contrary to your interests, harmful to the State, and, above all
things, harmful to yourself. What has this Lecamus done ?
He has done no service to his country ; he has rendered
some personal service to you. Is this reward in proportion
to the service he has given you ? I have not planned such
an arbitrary proceeding during the whole of my reign. I
have more than ten men, each of whom has saved my life,
to whom I only give a pension of 600 francs. I have
Marshals who have won ten battles, who are covered with
wounds, and who have not the reward you give this Lecamus.
Services rendered to your individual person are not services
done to the King, nor to the Kingdom of Westphalia. It is
therefore indispensably necessary that you should revoke


this measure ; and I presume that you have not closed so
important a matter so very precipitately. If you have con-
cluded it, you must revoke it, or Mons. Lecamus must
renounce his French Citizenship, and then he will lose all
his hereditary rights in France. If Lecamus has 40,000
francs a year, what is to be given to Marshals Berthier,
Lannes, Bernadotte, and over a score of persons who have paid
for the throne on which you sit, with wounds of every kind ?
What ought you to have done with that property of Fiirsten-
stein ? You should have taken it for the Crown, (you are
rather poor, as you do not enjoy the benefit of half your
domains), or you should have kept it in reserve for ten years.
\ou might then have had a Minister who had served you
well enough to deserve such a reward. I have Ministers
who might have made ten millions, who have not a halfpenny,
and who never dream of claiming such rewards. I have
already told you, with reference to General Lagrange what
distresses me about all this is your lack of consideration.

[ l I have your letter of 24th December, as to the condition
of your finances. What sort of finances can you expect to
have, when you behave as you do? You have squandered
three millions in Paris in two months ; you will squander thirty
without rhyme or reason, in a shorter time.]

But you must not imagine, all the same, that the King-
dom of Westphalia is a landed property. I shall have to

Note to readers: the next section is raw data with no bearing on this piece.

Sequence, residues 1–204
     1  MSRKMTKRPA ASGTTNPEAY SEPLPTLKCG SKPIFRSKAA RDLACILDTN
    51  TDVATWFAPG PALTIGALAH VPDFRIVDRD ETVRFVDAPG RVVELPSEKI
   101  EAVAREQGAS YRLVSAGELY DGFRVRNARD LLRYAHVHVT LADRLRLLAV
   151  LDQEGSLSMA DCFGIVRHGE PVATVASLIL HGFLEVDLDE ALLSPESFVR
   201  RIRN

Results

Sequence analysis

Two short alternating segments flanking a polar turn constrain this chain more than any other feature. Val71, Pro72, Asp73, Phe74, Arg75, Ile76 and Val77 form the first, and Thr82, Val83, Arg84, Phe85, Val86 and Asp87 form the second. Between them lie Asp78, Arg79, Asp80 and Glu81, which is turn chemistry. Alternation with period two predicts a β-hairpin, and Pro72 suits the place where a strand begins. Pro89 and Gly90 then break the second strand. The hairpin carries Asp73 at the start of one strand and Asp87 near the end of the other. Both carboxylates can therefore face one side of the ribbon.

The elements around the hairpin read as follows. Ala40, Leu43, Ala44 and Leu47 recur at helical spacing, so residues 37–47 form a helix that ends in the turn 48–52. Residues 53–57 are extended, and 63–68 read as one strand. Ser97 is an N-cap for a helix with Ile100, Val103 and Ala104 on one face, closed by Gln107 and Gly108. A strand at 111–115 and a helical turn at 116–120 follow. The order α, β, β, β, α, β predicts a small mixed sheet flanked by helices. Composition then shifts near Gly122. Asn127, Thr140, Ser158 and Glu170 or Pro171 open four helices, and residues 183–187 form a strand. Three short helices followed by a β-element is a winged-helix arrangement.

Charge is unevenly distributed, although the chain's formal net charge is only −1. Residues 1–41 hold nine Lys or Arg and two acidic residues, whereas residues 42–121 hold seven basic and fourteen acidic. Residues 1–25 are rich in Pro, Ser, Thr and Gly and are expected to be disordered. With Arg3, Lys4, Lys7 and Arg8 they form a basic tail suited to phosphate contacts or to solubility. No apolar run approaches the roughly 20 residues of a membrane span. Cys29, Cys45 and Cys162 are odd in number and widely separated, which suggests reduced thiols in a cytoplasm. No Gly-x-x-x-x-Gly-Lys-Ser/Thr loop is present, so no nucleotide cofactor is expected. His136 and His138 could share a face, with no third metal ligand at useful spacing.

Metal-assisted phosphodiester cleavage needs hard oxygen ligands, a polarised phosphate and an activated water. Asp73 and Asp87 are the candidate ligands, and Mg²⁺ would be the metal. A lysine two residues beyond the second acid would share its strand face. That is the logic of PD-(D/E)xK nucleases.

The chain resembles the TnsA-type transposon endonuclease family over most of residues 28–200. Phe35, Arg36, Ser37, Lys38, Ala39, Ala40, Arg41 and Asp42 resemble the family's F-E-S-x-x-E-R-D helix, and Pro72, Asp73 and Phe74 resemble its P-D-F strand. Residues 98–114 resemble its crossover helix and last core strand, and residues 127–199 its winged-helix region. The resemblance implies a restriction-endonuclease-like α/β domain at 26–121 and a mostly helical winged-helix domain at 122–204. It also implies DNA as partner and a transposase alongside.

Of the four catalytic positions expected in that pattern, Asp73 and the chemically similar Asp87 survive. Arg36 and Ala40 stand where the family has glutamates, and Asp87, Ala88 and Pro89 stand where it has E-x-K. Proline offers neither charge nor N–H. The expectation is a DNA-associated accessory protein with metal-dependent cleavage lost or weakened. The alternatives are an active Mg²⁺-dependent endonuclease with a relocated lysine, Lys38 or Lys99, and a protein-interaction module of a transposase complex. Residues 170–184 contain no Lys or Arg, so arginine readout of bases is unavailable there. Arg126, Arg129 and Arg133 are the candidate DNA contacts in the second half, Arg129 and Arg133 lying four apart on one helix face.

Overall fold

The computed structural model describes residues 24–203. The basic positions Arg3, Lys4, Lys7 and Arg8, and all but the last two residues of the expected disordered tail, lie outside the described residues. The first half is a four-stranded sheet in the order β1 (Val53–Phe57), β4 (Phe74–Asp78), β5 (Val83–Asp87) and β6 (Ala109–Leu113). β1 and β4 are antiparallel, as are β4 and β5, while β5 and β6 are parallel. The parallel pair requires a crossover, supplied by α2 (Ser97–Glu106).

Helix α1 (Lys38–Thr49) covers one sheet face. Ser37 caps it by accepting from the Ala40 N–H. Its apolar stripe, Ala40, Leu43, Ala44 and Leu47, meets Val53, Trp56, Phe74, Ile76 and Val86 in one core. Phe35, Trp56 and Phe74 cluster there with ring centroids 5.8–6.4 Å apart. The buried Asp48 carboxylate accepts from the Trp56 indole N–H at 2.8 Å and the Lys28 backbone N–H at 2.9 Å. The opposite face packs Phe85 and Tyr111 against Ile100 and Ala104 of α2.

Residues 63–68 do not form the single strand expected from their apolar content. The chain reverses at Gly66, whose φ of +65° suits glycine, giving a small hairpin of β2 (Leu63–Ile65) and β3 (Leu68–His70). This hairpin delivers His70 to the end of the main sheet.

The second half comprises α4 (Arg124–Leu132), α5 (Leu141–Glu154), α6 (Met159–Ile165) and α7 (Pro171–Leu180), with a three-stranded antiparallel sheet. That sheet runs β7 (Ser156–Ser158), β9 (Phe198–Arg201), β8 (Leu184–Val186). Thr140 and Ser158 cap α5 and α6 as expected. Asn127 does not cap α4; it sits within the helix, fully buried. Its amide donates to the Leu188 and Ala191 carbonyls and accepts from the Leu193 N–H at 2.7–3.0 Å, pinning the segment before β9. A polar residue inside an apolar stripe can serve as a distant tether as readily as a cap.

make war to support you, and I foresee that, instead of your
weighing advantageously in the balance, I shall find a deficit
in my strength.



PARIS, 1th January 1808.

I HAVE your letter of 2ist December. I am distressed to
observe that from 1st December the day of your entry into
Lisbon until the i8th when the first symptoms of insur-
rection began to show themselves, you did nothing at all.
Yet I never ceased writing to you : ' Disarm the inhabitants ;
send away all the Portuguese troops; make severe examples ;

1 The passage in parenthesis was struck out of the draft.


keep up an appearance of severity, which will cause you to
be feared.' But your head, it appears, is full of fancies, and
you have no knowledge of the Portuguese spirit, nor of the
position in which you are placed. I do not recognise this as
the action of a man who has been brought up in my school.
I do not doubt that in consequence of this insurrection, you
have disarmed the town of Lisbon, caused some sixty people
to be shot, and taken proper steps. All my letters have
foretold what is now beginning, and what will shortly happen
to you. You will be shamefully hunted out of Lisbon, as soon
as the English have effected a landing, if you continue to
behave with such weakness. You have lost precious time,
but you have time yet. I hope my letters, which you have
received in succession, will have decided you as to the course
you should take, and that you have adopted strong and
vigorous measures, without feeding yourself on fancies and

Online LibraryEmperor of the French Napoleon INew letters of Napoleon I, omitted from the edition published under the auspices of Napoleon III → online text (page 6 of 34)